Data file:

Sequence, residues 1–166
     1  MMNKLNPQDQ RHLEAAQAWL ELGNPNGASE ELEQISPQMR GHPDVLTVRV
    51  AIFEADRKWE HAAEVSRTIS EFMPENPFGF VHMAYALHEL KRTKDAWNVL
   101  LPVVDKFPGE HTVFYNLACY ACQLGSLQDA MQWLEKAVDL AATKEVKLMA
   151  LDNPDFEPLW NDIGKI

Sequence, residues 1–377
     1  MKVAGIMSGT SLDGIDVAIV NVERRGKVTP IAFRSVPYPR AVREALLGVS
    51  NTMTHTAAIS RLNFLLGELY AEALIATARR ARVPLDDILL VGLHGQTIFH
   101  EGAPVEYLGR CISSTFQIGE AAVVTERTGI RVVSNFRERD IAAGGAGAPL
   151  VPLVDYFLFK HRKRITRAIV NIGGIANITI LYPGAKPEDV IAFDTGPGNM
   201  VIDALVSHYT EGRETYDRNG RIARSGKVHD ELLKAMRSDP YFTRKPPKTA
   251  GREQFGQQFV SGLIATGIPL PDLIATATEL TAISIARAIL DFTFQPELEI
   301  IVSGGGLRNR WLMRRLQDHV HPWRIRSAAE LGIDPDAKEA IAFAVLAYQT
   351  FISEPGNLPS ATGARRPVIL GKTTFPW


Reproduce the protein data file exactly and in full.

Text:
Sequence, residues 1–166
     1  MMNKLNPQDQ RHLEAAQAWL ELGNPNGASE ELEQISPQMR GHPDVLTVRV
    51  AIFEADRKWE HAAEVSRTIS EFMPENPFGF VHMAYALHEL KRTKDAWNVL
   101  LPVVDKFPGE HTVFYNLACY ACQLGSLQDA MQWLEKAVDL AATKEVKLMA
   151  LDNPDFEPLW NDIGKI

Sequence, residues 1–377
     1  MKVAGIMSGT SLDGIDVAIV NVERRGKVTP IAFRSVPYPR AVREALLGVS
    51  NTMTHTAAIS RLNFLLGELY AEALIATARR ARVPLDDILL VGLHGQTIFH
   101  EGAPVEYLGR CISSTFQIGE AAVVTERTGI RVVSNFRERD IAAGGAGAPL
   151  VPLVDYFLFK HRKRITRAIV NIGGIANITI LYPGAKPEDV IAFDTGPGNM
   201  VIDALVSHYT EGRETYDRNG RIARSGKVHD ELLKAMRSDP YFTRKPPKTA
   251  GREQFGQQFV SGLIATGIPL PDLIATATEL TAISIARAIL DFTFQPELEI
   301  IVSGGGLRNR WLMRRLQDHV HPWRIRSAAE LGIDPDAKEA IAFAVLAYQT
   351  FISEPGNLPS ATGARRPVIL GKTTFPW